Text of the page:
This list may not be up to date as processes change. However, it is better to have as much advance warning as possible as some of these may take some time to get hold of. As processes do sometimes change, we advise that you look at this list. Aim to bring a few more copies of things like passports and passport-sized photos if possible.
Please bear in mind that although Allianz Worldwide healthcare covers you from the first day of your contract/placement, baggage insurance is your own responsibility.
We would really appreciate your efforts in bringing the items below.
As stated elsewhere, check that your passport is valid for at least 6 months from date of entry (requirement for immigration) and has plenty of blank pages. If it expires before the end of your contract, or you only have a few blank pages left, check what additional documents (such as birth certificate) you will need to bring to apply for a new passport. Doing this before you come will save a lot of logistical problems later. It’s best if your passport is valid for the whole of your placement.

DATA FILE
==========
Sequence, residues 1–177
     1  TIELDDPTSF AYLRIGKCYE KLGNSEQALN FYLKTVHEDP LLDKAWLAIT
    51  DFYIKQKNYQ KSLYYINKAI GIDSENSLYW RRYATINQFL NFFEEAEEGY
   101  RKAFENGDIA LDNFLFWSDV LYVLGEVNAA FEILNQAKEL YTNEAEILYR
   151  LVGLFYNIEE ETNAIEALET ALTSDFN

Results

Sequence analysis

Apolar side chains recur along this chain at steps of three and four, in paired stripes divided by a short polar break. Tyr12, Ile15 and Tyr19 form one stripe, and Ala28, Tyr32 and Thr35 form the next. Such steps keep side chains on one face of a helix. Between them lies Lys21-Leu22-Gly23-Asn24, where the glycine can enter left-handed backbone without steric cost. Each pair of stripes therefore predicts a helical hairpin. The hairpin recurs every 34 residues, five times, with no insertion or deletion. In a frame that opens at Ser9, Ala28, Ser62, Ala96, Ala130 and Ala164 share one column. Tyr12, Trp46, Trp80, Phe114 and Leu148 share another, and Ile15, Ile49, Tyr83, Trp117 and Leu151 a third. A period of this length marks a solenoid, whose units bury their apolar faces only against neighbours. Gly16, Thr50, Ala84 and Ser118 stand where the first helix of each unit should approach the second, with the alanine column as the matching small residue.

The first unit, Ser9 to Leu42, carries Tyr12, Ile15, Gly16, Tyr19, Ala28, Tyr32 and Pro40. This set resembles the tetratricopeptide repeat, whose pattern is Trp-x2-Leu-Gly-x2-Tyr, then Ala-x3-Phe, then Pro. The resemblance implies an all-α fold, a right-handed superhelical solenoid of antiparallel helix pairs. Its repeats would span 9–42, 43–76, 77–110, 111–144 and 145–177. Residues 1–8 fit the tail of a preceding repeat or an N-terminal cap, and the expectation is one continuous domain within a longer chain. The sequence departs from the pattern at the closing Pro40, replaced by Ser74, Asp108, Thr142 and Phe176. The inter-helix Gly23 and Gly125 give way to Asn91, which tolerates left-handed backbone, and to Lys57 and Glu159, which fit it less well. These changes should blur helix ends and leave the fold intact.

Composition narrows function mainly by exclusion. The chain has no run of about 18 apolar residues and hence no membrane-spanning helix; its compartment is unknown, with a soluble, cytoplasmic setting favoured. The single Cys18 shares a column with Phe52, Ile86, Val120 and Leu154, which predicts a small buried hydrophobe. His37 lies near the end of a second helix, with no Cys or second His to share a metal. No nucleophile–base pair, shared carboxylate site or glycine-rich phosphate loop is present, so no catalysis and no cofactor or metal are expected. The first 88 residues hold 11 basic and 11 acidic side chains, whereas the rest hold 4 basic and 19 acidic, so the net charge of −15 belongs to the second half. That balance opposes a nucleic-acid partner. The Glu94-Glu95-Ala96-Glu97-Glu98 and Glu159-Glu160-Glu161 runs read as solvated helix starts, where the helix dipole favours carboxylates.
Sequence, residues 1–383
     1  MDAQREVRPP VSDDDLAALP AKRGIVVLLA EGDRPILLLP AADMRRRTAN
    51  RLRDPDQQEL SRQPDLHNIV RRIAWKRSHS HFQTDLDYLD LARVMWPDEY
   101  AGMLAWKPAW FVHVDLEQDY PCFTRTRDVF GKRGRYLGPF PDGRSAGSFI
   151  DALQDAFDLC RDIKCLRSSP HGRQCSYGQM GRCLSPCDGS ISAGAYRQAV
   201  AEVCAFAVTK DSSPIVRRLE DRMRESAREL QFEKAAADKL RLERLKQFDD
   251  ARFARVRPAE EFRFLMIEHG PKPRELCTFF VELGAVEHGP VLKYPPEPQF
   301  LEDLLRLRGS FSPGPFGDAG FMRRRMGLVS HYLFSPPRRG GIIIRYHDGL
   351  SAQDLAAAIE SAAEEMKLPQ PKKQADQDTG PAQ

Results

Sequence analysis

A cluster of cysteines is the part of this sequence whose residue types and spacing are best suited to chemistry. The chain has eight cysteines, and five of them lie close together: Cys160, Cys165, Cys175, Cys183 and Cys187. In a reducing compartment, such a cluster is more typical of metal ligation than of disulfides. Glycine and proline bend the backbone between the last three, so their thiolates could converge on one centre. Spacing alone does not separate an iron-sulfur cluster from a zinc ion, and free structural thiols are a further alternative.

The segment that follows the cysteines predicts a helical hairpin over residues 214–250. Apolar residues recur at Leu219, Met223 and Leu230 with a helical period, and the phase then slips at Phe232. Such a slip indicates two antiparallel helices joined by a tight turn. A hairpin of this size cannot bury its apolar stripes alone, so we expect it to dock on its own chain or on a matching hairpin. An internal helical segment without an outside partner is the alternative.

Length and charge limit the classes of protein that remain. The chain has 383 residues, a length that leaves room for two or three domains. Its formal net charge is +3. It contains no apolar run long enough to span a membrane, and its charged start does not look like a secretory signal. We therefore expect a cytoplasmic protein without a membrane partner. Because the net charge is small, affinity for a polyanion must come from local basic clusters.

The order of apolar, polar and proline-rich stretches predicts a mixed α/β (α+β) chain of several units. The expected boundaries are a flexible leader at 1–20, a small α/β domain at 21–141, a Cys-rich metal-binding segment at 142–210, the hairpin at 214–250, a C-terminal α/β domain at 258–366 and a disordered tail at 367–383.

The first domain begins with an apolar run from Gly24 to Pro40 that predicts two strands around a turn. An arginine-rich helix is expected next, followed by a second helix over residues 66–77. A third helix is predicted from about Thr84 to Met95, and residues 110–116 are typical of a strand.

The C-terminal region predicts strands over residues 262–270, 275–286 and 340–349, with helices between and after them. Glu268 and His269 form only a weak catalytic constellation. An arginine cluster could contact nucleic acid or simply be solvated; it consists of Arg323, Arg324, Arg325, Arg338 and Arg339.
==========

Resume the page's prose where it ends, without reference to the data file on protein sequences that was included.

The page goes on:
At least 8 passport-sized photos (identical pictures, white or blue background, 35mm x 45mm). You’ll need these immediately on arrival to get your visa, and also your ID card which may be your main identification if we are unable to get your multiple entry stay visa before you arrive.
You’ll need 7 copies of your passport data page
Original professional certificates (diploma, PGCE, TEFL cert etc.).
Also, please bring 1 copy of each.
With mosquito repellent, make sure you buy DEET-based mosquito repellent to keep the bugs at bay. For those resident in the UK, the ‘Repel – tropical strength’ sold by Boots chemist in silver bottles is an example of this. Long sleeve tops and long trousers are also a good idea.
Bring a supply of US dollars – both as a resource in times of crisis, and due to the fact that some institutions may still require that foreigners pay in dollars. In-country, dollars can only be obtained through exchange, Western Union transfer, or by physically carrying the money in. Note that dollars must be clean, crisp and unmarked. Even a small crease may render a note unusable in Myanmar. Larger denominations also receive slightly higher exchange rates.
The extended monsoon in Myanmar provides some issues regarding clothing. Leather and rubber items can rot or perish due to prolonged exposure to damp. Locals tend to wear flip-flips or plastic shoes to deal with flooding but this can risk bacterial or fungal infection. Wellington boots are an option but can be hot. Locals tend to use umbrellas which can be bought cheaply locally rather than raincoats but a lightweight waterproof can be useful especially in very wet areas such as Dawei.
If you are taking any regular medication, bring at least 3 months’ supply with you as some medicine can be difficult to source in Myanmar.